November 18, 2022 : Though the COVID-19 pandemic has reduced, a mental health crisis continues, a nationwide survey of U.S. psychologists shows.
And increasing demand for help with depression, anxiety, and drugs use issues means many psychologists throughout the United States are incapable to take on new patients, as per the American Psychological Association’s 2022 COVID-19 Practitioner Impact Survey
“This nationwide mental health crisis continues,” stated Arthur Evans Jr., CEO of the APA. “If you are struggling, know that you are not sole. Psychological science indicates that social support is key to developing strength, so if you are having problem accessing care in a timely way, reach out to others to find aid and identify ways to manage.”
About 2,300 licensed psychologists nationwide answered to the APA’s third annual practitioner survey in September and earlier October.
Nearly 60% said they no longer can take on new patients, and 72% stated they have longer waitlists than before the pandemic. On moderate, psychologists said 15 people a week contact them seeking new supervision.
In all, 79% stated they had seen more patients with anxiety conditions since the pandemic began. About 66% have seen increased need for depression treatment, 47% for substance use therapy, and 64% for trauma. About two-thirds of psychologists expressed patients’ symptoms are more severe this year. Young people, mostly 13- to 17-year-olds, represented the most important increases in seeking care. Many psychologists also saw a requirement for more care in kids under 13 and among 18- to 25-year-olds.
Almost half of the psychologists reported a rising number of healthcare employees seeking treatment since the start of the pandemic.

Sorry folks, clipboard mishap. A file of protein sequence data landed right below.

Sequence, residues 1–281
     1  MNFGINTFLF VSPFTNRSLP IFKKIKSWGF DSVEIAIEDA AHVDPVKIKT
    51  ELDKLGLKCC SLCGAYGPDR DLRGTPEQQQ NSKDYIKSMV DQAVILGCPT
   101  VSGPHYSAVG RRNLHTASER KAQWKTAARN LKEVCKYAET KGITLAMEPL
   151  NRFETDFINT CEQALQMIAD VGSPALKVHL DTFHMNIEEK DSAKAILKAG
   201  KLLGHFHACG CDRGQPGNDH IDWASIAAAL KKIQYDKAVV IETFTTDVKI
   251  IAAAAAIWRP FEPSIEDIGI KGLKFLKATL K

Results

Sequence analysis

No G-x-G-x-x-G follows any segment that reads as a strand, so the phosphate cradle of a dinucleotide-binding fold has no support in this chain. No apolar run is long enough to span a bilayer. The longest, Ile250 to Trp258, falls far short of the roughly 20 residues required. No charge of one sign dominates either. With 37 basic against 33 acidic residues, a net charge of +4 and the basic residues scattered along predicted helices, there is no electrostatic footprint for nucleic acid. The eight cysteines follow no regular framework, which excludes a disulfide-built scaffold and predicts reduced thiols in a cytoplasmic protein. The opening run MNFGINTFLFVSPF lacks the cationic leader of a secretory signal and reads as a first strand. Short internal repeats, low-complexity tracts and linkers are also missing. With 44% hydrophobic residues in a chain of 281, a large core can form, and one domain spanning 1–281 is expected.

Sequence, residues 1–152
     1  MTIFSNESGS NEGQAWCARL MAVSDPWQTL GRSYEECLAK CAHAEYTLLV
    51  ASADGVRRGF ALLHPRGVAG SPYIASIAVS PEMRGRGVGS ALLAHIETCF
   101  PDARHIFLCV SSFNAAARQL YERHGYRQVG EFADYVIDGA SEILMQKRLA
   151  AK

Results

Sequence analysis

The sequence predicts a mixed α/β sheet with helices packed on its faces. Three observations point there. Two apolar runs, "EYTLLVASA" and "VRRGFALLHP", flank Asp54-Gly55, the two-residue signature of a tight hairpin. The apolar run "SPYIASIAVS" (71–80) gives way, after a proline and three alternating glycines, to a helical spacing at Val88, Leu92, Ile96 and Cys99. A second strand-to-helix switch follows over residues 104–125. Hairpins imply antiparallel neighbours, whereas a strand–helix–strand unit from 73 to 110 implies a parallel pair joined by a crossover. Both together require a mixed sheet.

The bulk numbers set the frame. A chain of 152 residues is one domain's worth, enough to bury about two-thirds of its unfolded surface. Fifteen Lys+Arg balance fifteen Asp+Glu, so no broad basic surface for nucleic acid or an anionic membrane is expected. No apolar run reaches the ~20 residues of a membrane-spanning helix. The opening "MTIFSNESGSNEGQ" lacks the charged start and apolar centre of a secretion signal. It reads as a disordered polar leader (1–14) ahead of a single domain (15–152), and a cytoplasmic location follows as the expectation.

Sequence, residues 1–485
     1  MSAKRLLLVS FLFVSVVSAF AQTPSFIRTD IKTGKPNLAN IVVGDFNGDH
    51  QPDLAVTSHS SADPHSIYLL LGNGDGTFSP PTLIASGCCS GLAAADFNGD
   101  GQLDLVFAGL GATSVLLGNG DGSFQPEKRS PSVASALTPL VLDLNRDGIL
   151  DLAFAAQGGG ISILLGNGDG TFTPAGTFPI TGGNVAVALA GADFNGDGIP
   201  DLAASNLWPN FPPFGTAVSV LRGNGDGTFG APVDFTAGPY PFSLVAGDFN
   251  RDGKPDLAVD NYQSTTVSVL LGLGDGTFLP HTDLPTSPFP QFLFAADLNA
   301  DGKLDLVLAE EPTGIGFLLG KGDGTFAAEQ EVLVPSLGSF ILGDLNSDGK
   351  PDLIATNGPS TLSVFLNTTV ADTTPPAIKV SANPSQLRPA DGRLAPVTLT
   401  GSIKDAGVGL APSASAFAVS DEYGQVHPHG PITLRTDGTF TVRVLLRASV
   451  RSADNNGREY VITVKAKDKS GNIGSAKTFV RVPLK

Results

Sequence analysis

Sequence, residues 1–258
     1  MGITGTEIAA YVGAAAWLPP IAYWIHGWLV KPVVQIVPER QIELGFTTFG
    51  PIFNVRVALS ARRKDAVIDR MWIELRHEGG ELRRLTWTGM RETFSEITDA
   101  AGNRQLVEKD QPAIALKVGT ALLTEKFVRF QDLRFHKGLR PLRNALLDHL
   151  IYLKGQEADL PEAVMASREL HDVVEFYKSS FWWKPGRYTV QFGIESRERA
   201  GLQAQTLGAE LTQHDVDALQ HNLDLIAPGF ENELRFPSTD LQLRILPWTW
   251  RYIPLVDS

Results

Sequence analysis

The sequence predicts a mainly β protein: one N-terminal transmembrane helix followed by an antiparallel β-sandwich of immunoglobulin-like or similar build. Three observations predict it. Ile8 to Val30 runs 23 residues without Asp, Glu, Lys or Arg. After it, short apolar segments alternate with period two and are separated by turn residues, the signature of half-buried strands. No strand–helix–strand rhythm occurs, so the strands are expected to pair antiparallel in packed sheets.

“Maintaining timely access to psychological services is critical for managing the needs of those diagnosed with behavioral health issues,” Evans stated in an association news release. “But we need to venture this problem with a variety of solutions beyond personal therapy.”
He noted the need to support and expand the psychologist workforce, incorporate behavioral health into primary care, and utilize technology and innovation to contact more patients.
Approximately 11% of psychologists now see all patients individually, up from 4% in 2021. More than half (58%) visit some patients remotely and some in person. About 31% see all patients through telehealth.
The APA reported that telehealth could expand access to care for patients from underserved neighborhoods, including those in rural locations and people of color. The APA continues to advocate for expanded scope of telehealth by insurance firms.
With the increased patient demand, about 45% of psychologists expressed they feel burned out. But 60% expressed they had sought peer consultation or aid to manage it. About 77% said they were able to practice self-care, and 63% voiced they have been able to maintain a positive work-life equilibrium.